Disordered image issues have been with me since my childhood.
But I wasn’t the only one engaging in these mindsets.
When I was in fifth grade, during recess, my third grade teacher struck up a conversation with me. We had just returned from summer vacation, and, as children are prone to do, I had changed. Perhaps it was a growth spurt. Regardless, this teacher remarked, “Sheryle, you’ve slimmed down. Are you dieting?”
I was shocked by the question…and flattered.
By this time, I’d already started my dieting and self-rejection behaviors. I knew something was “wrong” with me as long as I was overweight. But hearing the validation from an adult—from one of my teachers, no less—gave it extra firepower. Now it had credence beyond my mother or miscellaneous family members who made comments about my overweight body. This feedback was from an objective “outsider,” after all. And she was an expert on children—a teacher. So, it must be true, right?
Autumn is typically when kids are starting new school years. Whether it’s elementary, high school, or college, young people often return to classes having undergone some kind of change or growth spurt. And yes, there may be some startling transformations.
As someone in recovery, I get quite uneasy as people make comments about physical appearance. It’s tough enough as an adult. But I get extremely nervous when an adult makes a comment about a child’s weight. Whether it’s an insult, a warning, or high praise, there’s still danger at the mention of the issue.
Kids do learn their value systems from the adults surrounding them. Family poses its own challenges, with their image estimations. Authority figures, like teachers and clergy, likewise teach powerful lessons on what is valuable, worth rejecting, and “right.” Never underestimate the power of those words/life lessons.
“I think….you still have no idea. The effect you can have.” ~ Suzanne Collins
And so, I’m including some pointers concerning children and their appearance:
1. Don’t comment on a child’s physical appearance. There’s no setting in which it’s appropriate. Kids need to be kids, free from the importance of a thin appearance.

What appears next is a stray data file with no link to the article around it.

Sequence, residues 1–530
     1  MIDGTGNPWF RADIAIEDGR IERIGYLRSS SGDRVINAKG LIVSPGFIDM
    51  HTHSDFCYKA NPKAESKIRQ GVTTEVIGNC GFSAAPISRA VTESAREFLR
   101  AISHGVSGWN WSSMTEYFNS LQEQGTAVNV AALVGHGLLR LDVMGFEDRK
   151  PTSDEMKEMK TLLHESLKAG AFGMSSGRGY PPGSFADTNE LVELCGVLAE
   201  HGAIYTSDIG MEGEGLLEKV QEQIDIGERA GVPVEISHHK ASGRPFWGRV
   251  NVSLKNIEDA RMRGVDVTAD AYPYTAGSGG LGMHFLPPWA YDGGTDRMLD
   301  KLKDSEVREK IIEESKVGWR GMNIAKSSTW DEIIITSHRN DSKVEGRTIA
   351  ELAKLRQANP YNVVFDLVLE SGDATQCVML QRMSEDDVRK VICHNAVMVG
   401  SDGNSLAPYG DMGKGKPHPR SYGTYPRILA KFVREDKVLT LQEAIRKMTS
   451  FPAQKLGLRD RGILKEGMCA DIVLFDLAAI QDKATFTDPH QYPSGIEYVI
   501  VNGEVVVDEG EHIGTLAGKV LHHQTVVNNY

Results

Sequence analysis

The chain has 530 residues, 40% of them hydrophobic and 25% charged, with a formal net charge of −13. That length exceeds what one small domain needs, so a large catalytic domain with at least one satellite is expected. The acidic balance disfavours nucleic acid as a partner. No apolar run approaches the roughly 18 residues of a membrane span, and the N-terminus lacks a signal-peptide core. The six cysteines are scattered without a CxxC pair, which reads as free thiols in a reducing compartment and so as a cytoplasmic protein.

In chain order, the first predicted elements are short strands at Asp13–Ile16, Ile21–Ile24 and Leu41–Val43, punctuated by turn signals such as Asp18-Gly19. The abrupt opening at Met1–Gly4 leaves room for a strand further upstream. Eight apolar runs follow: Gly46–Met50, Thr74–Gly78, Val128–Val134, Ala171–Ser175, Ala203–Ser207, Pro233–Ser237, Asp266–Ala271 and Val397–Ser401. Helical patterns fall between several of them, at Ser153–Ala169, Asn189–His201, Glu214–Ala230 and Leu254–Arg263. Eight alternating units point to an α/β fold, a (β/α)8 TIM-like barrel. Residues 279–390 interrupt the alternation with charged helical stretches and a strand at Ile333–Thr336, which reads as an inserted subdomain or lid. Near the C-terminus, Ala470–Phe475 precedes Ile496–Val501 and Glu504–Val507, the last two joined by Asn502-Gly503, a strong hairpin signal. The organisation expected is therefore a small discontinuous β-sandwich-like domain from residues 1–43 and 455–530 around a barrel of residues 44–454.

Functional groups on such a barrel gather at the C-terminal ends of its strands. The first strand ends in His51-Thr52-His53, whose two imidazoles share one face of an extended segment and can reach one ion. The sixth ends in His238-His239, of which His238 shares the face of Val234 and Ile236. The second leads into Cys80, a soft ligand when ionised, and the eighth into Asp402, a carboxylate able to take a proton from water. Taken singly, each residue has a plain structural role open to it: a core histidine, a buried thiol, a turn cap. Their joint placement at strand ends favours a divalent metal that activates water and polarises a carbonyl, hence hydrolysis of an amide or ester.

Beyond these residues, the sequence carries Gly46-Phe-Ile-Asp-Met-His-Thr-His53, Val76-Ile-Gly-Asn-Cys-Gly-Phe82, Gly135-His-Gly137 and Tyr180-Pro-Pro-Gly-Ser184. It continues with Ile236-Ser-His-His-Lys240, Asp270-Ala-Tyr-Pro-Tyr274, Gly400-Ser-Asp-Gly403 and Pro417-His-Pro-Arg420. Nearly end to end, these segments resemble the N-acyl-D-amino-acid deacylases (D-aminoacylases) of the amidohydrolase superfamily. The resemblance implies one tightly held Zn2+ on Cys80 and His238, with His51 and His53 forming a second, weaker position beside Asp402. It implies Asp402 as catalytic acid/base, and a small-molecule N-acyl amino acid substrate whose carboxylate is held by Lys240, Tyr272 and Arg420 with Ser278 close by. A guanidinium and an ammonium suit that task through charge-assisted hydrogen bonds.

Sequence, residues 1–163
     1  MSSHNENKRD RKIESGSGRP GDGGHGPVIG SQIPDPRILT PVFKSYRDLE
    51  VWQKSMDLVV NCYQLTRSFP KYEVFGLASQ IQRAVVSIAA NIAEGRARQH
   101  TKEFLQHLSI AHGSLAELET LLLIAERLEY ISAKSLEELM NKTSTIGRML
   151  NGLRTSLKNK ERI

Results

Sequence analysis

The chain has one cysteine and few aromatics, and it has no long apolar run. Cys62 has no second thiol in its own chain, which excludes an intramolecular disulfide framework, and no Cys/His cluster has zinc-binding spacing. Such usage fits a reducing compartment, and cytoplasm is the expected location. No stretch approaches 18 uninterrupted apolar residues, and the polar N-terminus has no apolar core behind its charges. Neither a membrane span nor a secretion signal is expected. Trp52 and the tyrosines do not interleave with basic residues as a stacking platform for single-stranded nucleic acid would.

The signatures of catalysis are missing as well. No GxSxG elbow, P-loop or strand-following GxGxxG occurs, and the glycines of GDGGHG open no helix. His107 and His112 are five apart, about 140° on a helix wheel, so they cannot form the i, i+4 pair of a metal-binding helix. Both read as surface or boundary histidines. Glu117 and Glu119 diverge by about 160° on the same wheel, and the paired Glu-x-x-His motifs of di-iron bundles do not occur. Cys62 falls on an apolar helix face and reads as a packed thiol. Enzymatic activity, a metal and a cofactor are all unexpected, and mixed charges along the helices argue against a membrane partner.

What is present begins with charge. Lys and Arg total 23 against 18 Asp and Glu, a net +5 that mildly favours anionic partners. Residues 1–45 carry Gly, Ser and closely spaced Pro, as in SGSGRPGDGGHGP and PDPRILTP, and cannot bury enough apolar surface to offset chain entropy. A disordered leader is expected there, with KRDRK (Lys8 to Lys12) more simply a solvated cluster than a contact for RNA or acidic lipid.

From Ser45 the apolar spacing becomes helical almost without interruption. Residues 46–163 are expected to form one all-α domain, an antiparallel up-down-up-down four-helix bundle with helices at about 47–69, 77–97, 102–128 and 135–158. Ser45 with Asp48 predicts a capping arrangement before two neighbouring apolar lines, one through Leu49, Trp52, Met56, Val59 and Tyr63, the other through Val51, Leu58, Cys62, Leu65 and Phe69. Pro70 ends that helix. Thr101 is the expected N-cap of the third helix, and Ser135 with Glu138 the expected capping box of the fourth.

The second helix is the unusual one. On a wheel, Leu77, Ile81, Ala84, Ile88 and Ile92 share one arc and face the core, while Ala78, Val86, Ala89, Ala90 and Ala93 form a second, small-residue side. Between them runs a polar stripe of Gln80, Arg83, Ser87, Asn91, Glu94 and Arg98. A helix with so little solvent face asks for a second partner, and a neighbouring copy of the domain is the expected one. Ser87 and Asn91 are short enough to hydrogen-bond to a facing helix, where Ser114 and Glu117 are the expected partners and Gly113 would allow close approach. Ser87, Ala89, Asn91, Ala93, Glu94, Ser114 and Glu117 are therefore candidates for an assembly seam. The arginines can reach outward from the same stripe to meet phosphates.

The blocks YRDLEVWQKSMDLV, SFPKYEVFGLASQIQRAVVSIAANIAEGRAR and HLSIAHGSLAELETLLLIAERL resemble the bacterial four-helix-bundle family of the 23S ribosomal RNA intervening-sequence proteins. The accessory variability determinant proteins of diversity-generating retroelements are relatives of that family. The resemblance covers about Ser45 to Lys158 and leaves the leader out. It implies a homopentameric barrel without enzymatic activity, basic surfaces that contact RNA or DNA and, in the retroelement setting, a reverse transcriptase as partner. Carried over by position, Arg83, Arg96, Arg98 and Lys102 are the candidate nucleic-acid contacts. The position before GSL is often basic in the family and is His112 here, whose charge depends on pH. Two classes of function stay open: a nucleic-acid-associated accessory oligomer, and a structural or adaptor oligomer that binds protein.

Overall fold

2. Don’t criticize an overweight physical stature. You’re not an expert; you’re not a doctor. If there’s a legitimate health concern, deal with it in a health context, not in the context of your personal appearance opinions.
3. Don’t recommend dieting. Again, if there’s a legitimate health issue, work with trained doctors, nutritionists, and therapists to resolve it. But believing your own “fix it” plan of placing a child on a diet may do more harm than good. You could be setting that child up for a lifetime of negative self-esteem and body image issues.
4. Don’t praise the child for a thinner body; don’t compare the child with another child’s physique. Again, this is unhealthy. You’re sending a toxic message that the child is inferior and will not be “okay” unless and until he/she whittles down to the particular desired weight.
5. Do validate the child, as is. Let him/her know there’s nothing that can add or detract from their lovable natures, value, and uniqueness. The child is wonderful as is. Period. Therefore, teach this truth to your child as soon as he/she is old enough to understand.
You may think I’m overreacting, but believe me, one never knows who will respond to image comments through a dangerous eating disorder. Certain comments can be the triggering factor that launches a particular child into anorexia, bulimia, self-hatred, and suicidal tendencies.
Disordered body and eating issues are complex and tough enough to navigate in our distorted image culture today as adults. But children are vulnerable innocents. And so, we need everything in our arsenal to equip them with a healthy sense of self, as well as healthy lifestyle habits.
We are teaching them something. May none of us, then, teach them the prisons of life-threatening and soul-shattering disorder.
They deserve to never learn that lesson.